I'll post a few pictures when Blogger wakes up, but here's a small gallery I did over at HHCC blog. More details at 3pointD and Rikomatic.
LifeClever shows what stuff you should buy if you want to look like the Mac Dude from the Apple's recent campaign. This once again brought me back to the idea of brand baskets, or how some complementary brands are often consumed together and can reinforce each other through cooperative advertising (iPod+Nike is an obvious example).
-- via Advertising is Good for You
"Explaining the ramification of the ruling, Mazen M. Basrawi, Equal Justice Works Fellow at Disability Rights Advocates, noted that: "the court clarified that the law requires that any place of public accommodation is required to ensure that it does not discriminate when it uses the internet as a means to enhance the services it offers at a physical location."(press release)
Think you might be next? Talk to Kestrell, my MIT colleague who specializes in accessibility for the blind, or buy yourself a book.
Anyway, this particular suit is a good thing. A site optimized for blind users is more convenient for everybody.
-- via three minds
Tool: How Color-Blind People See Your Ad
Advertising for the Color-Blind
I wrote about advertisimg teletubbies before, and here's a (sort of) new twist: Media Post profiles the Adwalkers. The novelty of the twist is primarily in the kevlar-looking outfit. Adwalkers are also interactive. "They walk around in public venues where the client's target audience is likely to gather, with the client's message beaming from their chest. These psuedo-cyborgs invite conversation, then interaction, through games, contest entries or special offers. They deliver both engagement and the ability to measure response."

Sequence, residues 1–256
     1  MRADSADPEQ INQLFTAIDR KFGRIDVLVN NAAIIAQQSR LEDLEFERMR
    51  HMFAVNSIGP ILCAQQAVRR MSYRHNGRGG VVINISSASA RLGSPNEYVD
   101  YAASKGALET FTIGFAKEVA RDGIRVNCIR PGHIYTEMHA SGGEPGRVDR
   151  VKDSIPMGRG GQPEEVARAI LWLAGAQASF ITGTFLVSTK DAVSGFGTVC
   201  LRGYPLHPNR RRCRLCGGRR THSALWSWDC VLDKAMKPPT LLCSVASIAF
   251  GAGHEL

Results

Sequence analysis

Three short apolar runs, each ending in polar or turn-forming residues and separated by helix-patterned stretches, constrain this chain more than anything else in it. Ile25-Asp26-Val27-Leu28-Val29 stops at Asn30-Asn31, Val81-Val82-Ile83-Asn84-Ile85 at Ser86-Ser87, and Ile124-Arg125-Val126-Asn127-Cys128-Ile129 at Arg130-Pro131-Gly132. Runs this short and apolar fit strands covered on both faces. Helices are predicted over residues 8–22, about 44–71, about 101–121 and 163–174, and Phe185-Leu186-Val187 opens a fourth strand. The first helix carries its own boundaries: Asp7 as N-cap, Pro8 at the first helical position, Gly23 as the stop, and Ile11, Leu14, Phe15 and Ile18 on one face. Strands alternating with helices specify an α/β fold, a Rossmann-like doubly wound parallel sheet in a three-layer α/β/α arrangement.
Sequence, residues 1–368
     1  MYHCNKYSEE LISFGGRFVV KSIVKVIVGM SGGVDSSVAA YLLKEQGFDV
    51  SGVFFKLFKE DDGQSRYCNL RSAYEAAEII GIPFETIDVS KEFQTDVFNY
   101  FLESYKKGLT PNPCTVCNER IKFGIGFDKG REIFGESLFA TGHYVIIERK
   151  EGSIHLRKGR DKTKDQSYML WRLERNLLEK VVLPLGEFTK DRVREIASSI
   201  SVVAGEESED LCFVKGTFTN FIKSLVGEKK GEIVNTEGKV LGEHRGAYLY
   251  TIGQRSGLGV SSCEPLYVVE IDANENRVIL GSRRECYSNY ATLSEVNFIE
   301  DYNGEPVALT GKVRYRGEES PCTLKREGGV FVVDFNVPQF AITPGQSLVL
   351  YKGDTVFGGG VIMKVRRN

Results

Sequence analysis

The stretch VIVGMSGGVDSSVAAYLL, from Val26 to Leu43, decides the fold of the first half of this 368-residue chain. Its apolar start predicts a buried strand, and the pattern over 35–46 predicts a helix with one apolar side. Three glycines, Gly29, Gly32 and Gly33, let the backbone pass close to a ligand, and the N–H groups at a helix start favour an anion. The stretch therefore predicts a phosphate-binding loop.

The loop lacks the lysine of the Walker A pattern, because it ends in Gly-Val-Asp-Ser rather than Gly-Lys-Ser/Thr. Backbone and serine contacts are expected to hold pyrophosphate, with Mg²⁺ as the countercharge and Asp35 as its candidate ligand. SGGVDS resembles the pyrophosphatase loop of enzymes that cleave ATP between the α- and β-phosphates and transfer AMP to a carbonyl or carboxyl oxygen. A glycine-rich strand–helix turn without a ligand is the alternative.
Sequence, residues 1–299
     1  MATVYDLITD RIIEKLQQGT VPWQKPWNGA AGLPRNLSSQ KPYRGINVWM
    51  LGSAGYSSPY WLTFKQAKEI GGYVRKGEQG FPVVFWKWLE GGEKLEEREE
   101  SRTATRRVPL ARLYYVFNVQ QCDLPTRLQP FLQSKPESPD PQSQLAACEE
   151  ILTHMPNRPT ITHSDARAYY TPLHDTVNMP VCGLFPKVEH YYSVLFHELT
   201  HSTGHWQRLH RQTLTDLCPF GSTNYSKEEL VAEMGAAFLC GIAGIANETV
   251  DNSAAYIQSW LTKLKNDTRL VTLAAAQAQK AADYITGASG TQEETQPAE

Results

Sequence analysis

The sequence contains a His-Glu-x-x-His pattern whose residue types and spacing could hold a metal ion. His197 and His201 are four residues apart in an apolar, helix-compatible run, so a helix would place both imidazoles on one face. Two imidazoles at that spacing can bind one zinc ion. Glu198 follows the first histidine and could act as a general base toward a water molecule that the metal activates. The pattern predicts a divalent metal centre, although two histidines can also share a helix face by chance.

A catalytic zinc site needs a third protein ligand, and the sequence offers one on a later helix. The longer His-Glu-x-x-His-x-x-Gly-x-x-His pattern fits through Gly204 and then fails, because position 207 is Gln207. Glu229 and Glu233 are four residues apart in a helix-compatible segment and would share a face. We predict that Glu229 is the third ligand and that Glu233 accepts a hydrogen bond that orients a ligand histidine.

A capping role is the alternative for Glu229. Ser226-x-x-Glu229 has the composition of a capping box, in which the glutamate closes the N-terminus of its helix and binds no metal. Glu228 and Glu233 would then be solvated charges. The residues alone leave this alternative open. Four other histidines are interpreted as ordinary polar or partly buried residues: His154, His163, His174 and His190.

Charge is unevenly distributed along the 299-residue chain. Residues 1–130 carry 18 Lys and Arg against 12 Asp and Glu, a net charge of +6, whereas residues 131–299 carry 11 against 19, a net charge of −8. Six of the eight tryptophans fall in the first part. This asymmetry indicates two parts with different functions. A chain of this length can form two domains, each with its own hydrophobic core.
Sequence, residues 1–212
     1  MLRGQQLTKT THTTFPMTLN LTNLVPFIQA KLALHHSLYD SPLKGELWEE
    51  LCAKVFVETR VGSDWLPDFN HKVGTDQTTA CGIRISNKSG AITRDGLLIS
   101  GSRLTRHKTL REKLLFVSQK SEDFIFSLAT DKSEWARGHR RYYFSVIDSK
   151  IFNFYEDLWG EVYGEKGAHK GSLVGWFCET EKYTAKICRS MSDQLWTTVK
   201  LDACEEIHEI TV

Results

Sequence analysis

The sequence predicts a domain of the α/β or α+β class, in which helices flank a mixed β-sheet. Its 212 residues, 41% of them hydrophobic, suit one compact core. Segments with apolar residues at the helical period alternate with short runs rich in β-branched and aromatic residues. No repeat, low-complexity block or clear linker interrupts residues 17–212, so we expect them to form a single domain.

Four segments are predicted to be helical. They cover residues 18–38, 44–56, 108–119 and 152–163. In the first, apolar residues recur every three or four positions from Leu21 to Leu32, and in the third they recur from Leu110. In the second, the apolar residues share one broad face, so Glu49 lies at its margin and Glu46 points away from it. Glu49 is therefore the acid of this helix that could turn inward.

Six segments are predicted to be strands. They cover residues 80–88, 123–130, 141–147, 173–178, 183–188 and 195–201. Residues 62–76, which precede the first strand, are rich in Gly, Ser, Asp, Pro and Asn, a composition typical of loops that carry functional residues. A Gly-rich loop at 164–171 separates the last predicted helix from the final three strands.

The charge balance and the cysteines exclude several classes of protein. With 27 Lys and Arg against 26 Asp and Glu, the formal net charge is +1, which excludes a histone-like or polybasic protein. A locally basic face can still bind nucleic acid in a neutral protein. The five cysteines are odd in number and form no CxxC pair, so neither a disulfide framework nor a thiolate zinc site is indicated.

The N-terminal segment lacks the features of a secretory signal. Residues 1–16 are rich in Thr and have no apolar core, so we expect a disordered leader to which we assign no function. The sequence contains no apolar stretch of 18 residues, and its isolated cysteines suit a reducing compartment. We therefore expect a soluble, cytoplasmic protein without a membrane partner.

-- PC Pro
MTV's Virtual Laguna Beach - "the whole Laguna experience in a parallel online universe" - is hosting an "exclusive" fashion show tonight (Sept.14).
-- x-posted on Brands in Games
More Businesses Enter Virtual Worlds
As long anticipated, more games are finally coming down iPod's way through iTunes as Jobs works to make the device more than just an MP3 player (whose cool, we hear, is fading). Wired: "Effective immediately, owners of the fifth-generation iPod Video can click on the new iPod Games link in the iTunes music store and download such casual game hits as Pac-Man and Bejeweled." If iPod gaming catches up (and why not? inconvenient controls?), suddenly we'll have an advergaming platform with a huge install base. Which reminds me: I put my thesis about advertising in computer games online at Games Brands Play, and there are a few thoughts about overlooked platforms such as iPods and Blackberries in it.